In the seronegative group, a number of patients had short cord segments of between 2 to 3 vertebral segments and hence the mean cord length in the seronegative group was borderline at 2.9 vertebral segments. A nearly equal number of patients with opticospinal or brain involvement at onset of disease who were seropositive and seronegative were found in our study. In the past, some of these patients with opticospinal disease might have been characterized as opticospinal multiple sclerosis.

Regionally, a study by Lu et al. compared 29 patients with NMO to 22 patients with MS and found that NMO patients have significantly more linear lesions than MS patients, that is, 48.3% versus 0%, with these lesions distributed in the spinal cord, medullospinal region, and medulla [15]. In their study, longitudinally extensive cord lesions were also seen more frequently in NMO than MS, that is, 72.4% versus 22.7%, [15]. Studies from Thailand and Taiwan have demonstrated similar observations in their cohorts with LESCLs and seropositivity [16, 17]. In fact, Wingerchuk et al. found the presence of a longitudinally extensive cord lesion extending more than 3 vertebral segments to be the most reliable feature in the diagnosis of NMO [1, 2].

In a review of literature by Jarius and Wildemann, the frequency of anti-AQP4 antibody in patients with longitudinally extensive transverse myelitis (LETM) ranged between 0% and 100% with a median of 53.3% [18]. Though not all of the studies reviewed differentiated between monophasic and recurrent LETM, a higher frequency of antibody positivity was seen in patients with LETM. These results are very comparable to the rates that we got in our relapsing transverse myelitis cohort, that is, 80%. One patient with monophasic transverse myelitis was also seropositive and had a longitudinally extensive contiguous cord lesion affecting the entire spinal cord.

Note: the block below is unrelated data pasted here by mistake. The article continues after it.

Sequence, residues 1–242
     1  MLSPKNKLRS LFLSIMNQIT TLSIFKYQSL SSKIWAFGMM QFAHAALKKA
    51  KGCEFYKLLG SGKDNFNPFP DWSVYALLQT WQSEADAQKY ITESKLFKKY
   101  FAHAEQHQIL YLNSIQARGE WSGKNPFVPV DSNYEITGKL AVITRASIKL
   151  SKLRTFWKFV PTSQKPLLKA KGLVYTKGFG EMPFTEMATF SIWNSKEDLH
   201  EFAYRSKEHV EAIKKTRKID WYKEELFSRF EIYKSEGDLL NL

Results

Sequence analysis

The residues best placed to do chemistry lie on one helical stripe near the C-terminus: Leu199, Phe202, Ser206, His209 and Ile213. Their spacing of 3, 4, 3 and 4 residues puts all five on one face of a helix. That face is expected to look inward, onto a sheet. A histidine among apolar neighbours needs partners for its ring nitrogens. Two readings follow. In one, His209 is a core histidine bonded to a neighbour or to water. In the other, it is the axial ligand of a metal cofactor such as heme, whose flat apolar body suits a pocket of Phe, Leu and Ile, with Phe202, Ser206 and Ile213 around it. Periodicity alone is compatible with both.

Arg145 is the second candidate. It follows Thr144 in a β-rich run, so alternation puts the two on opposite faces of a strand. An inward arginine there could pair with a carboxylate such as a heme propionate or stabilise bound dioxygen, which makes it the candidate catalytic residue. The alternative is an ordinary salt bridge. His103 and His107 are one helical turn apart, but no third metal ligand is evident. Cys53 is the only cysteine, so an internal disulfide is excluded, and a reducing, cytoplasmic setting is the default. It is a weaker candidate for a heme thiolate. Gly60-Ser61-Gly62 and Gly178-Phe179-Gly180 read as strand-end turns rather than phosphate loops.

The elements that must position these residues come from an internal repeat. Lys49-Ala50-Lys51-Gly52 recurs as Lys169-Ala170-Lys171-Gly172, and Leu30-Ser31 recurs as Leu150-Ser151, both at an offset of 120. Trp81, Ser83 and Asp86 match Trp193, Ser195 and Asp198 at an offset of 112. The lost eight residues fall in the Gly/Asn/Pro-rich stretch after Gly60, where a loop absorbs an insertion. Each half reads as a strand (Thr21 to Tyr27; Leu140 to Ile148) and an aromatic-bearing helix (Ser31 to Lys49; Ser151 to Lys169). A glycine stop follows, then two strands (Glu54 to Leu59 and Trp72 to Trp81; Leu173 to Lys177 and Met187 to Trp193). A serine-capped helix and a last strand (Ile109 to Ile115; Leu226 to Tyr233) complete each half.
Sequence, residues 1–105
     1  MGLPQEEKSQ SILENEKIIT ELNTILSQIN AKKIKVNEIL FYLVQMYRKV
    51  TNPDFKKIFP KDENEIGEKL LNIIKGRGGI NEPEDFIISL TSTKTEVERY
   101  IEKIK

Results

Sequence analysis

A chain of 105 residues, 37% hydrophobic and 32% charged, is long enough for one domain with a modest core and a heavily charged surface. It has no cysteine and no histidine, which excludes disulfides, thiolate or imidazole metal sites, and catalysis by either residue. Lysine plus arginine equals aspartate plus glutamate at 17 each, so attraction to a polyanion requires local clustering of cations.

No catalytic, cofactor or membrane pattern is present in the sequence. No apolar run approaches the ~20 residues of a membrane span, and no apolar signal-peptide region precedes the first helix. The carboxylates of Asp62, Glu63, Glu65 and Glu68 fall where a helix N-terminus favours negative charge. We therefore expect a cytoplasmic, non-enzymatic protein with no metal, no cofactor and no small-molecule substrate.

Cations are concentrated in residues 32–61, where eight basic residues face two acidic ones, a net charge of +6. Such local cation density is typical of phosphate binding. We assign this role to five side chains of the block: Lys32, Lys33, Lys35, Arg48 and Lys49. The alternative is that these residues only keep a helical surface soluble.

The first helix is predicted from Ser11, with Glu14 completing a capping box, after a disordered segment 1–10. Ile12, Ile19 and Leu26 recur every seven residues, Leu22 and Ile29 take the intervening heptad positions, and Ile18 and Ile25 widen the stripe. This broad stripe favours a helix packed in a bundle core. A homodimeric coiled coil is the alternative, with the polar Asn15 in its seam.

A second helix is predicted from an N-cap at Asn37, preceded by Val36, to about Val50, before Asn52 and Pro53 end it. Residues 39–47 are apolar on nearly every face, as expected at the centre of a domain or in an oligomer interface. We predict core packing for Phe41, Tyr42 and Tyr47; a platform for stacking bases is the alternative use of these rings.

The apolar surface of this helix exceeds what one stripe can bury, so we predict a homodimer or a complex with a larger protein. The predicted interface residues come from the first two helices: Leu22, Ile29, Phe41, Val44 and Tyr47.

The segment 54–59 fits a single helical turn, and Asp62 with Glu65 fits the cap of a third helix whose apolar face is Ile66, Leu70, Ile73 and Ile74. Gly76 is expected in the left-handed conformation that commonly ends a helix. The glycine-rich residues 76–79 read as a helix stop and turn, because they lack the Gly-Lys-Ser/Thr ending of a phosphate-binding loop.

We found an equal number of patients with NMO/NMSOD with short segment myelitis who were seropositive and seronegative. This occurred usually at the onset of the disease. Therefore, in patients with opticospinal or short segment spinal lesions we still feel it may be worthwhile to do the anti-AQP4 antibody test. This is especially so if the brain MRI is not in keeping with MS and is persistently so even when repeated and has some atypicality resembling NMO/NMOSD such as the presence of paroxysmal tonic spasms. Later on, their lesions lengthened to become longitudinally extensive, an observation of ours not reported in the outcome. In the overall cohort, 12 patients had short segment myelitis, less than 3 vertebral segments.

Similarly, if we compare our results in patients with RON to a study from Jarius and Wildemann, in a large cohort, the antibody was found in three out of 89 patients with a single attack of optic neuritis and in five out of 50 with relapsing ON (10%) using cell based assays [18]. Our rates may be higher due to the smaller sample size.

NMO antibody seropositivity has been tested within a diverse population in the West and in Asia. Regionally, a study from Thailand found seropositivity in 18 out of 23 patients (78%) who fulfilled Wingerchuk’s criteria for NMO which is very similar to the rate in our study and all the more interesting since Thailand is geographically to the north of Malaysia [1, 2, 16]. Unni N et al. from India reported 80.9% of NMO patients and 54.5% of patients with longitudinally extensive cord lesions to be seropositive [19]. Y. Long et al. from China reported 88.6% of NMO patients, 4.3% with MS, 30.8% with optic neuritis, and 51.7% with longitudinally extensive transverse myelitis to be seropositive [20]. In western literature, though MS is far more common than NMO/NMOSD, Jarius et al. found a seropositivity of 61.1% (22 of 26) among NMO patients as defined by the 1999 Wingerchuk criteria, with 35 of the 36 having long cord lesions [18].